[00:13:44] Adam: All right, cool. Now, do people choose the art that comes into their space or, is it a kind of a rotating thing where it's what you get is what you get?
[00:13:52] Kristen: It can be either. And we let people decide that at the beginning of the journey. We have an option where we can, we measure your walls or you measure your walls. You can either instantly subscribe on our website right now at rela art slash subscribe and, and pick whether it's very simple. Small or large walls, that's the only delineation.
So if you have a tape measure, you can subscribe, uh, so you instantly know which one of those categories your wall falls into Each wall functions as its own subscription. Um, you can launch that directly on our website and you can even. Select the art that you want on that wall. You can keep it up as long as you want, totally up to you.
Um, or you can switch it out every three months. And if you're ready to switch that out, you just fill out the refresh request form and pick the artwork that you want or say surprise me. And it's been really fun to see how many organizations have, have enjoyed this surprise me option, because it's like Christmas morning for adults like.
They walk into their office space and I wanna do a candid camera someday of them go, oh my gosh.
it's really rewarding, or, you know, for spaces that aren't ready to do that and they would prefer that we, it's more of a, um, joint collaboration early on, we can. Schedule a site visit, especially spaces that have multiple walls, that they'd like to enroll.
We can come into that space, walk it with the subscriber. This is usually for a commercial space, but, we do that for residential as well. And we can make a whole proposal, with all the measurements of each wall and then a couple of artwork options, and you can select the art as well. So yeah, it's really meant to be a collaborative experience.
[00:15:30] Adam: Fantastic. What's your vision for the future?
[00:15:33] Kristen: Mm. Love that. We see this as an awesome service. That could be in any community, like anyone can be a part of this movement. It we're making it easy. You don't have to previously be connected to the arts, or have that connection. You don't have to. We're your art friend. That is your connection to the art community. So, it's really easy to get started and we think that this could be something that could be in, in any city. So because every community deserves a service that connects them to the arts,, we envision, Rela locations in multiple cities in the future.
[00:16:06] Adam: Got it now, how long have you been up and running?
[00:16:09] Kristen: We started onboarding artists in 2021 just to see, you know, if it's a supply and demand issue, you need to know that that supply is there and. The artists are our stakeholders. We're trying to serve them and so we needed to make sure, that this model resonated with them. And it did.
We were able to onboard, I think 25 artists within that first year, and we've onboarded more since then. And then we built the model and launched two subscribers in January of 22. So it's been, over a year now, and now we're working on refining all of the processes, because early on, like I said, it was an ugly mvp and it was like, yeah, you can do this.
You have to email me or, you know, it wasn't as smooth as it is now. So yeah, about two years technically.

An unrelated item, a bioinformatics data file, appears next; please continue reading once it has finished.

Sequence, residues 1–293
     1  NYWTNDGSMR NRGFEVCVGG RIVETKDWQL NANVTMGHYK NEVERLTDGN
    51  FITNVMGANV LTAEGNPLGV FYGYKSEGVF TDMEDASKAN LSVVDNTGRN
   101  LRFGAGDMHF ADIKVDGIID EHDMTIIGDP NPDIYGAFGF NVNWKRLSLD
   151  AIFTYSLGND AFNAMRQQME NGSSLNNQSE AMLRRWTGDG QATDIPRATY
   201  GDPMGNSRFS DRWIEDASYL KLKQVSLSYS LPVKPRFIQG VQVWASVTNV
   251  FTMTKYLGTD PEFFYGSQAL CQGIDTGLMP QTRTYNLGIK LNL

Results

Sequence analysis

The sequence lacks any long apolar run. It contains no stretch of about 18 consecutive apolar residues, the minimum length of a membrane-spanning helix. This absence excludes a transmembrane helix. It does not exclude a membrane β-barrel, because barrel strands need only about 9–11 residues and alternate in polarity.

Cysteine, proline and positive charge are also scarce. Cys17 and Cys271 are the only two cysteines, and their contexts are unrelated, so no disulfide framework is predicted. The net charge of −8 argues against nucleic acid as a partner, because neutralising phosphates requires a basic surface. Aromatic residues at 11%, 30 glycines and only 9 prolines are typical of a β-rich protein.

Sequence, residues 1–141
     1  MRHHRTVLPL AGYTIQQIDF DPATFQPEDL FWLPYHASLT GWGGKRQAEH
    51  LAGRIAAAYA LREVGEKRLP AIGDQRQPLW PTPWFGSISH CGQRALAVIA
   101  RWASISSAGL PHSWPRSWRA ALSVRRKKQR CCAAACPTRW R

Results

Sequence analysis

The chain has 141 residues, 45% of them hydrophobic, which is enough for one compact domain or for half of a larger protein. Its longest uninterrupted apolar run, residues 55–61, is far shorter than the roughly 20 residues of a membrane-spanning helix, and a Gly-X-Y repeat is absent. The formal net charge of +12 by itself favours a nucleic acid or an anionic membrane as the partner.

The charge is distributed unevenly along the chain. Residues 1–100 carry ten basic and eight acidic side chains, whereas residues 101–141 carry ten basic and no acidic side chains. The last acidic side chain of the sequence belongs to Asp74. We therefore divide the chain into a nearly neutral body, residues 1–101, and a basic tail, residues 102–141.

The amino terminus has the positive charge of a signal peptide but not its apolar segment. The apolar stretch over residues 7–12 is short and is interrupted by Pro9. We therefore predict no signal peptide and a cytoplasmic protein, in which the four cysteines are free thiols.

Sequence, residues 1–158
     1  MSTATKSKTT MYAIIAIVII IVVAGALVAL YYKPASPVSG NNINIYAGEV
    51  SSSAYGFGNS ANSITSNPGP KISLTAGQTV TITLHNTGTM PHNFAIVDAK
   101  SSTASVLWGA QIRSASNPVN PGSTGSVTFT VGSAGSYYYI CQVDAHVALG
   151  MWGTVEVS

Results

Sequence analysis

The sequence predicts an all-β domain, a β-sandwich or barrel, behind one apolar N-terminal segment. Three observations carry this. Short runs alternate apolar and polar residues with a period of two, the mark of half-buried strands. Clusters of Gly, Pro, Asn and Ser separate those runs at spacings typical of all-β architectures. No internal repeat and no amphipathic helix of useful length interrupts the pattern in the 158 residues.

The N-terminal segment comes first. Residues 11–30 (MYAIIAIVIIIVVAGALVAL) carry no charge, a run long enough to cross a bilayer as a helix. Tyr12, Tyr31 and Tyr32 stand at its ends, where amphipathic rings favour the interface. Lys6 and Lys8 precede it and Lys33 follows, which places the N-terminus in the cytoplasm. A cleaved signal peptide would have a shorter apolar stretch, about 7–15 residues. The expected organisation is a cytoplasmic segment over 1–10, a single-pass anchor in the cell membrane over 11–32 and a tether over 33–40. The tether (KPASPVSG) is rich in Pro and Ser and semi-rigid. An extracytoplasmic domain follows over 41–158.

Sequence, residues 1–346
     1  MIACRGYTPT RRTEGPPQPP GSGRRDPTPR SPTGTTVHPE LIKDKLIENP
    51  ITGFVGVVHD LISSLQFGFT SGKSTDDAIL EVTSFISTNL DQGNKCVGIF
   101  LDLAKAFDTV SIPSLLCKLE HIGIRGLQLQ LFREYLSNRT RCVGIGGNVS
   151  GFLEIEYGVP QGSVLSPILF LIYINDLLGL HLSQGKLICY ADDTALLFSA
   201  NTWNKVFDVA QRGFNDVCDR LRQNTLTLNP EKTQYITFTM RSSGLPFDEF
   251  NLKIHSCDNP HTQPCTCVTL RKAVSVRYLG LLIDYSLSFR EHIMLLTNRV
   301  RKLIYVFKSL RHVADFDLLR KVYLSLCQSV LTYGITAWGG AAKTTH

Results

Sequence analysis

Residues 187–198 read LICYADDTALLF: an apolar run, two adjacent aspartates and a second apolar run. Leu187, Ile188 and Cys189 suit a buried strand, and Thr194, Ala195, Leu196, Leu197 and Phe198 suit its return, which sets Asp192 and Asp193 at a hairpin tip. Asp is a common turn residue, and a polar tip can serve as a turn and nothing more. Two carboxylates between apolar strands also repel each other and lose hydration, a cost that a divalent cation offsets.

[00:16:59] Adam: And that seems like a big, big, shift for you because I see the wall behind you. Um, you know, that's all planned out with a calendar
of like every month for the year. And then you, you were telling me earlier about this hypothetical wall on the other side, which is just filled with crazy post-it notes.
[00:17:14] Kristen: totally hypothetical. It doesn't exist at all. It's not, yeah. Planning is important. I know. No, I'm a planner.
[00:17:22] Adam: yeah. You like to plan and. What I'm hearing is that through this process, you've just had to say, Hey, no, listen, we're gonna try this, and get started and then develop from there.
[00:17:33] Kristen: Yep. Exactly. Yeah. And, and you can always have your vision for the future. Like, man, I've got ideas, let me tell you about them. There are more services, more products. We're ready to go. But, um, you have to lay that groundwork in advance. Like launching is, there's a whole lot that happens before launching something.
So, that effort before takes time, but it serves you in the long haul. Because you've already done the research. You already have your why, which is your gasoline for the whole journey. And you, um, you have your answers for when people might offer feedback and say, well, why didn't you do it this way?
And it's like, well, you know what? We actually tried that and it didn't work. So we didn't move forward with that launch. And we shifted gears. You have to just, uh, plan it out, but also, Yeah. Yes, I'm definitely a planner, so that's why this feels like such a gosh, like ideal role for me that I just kind of carved out of having this love and passion for arts.
You know, my background is in fine arts and, I. Consider myself an artist as well, although that's, that's such a emotional area for me because I'm not making in the same way I used to make, I still feel, I feel like this is almost my art at this point, that this is what I'm working on making and producing and bringing into the world that didn't previously exist.
Yeah, my background's in fine art and um, history of art. I teach at Columbus College of Art and Design, um, history of art and visual culture there, and. Yes, I have that aspect, but then I also have this really strong planning organization structure drive. So having the space to marry those two interests has just been, it's been a joy.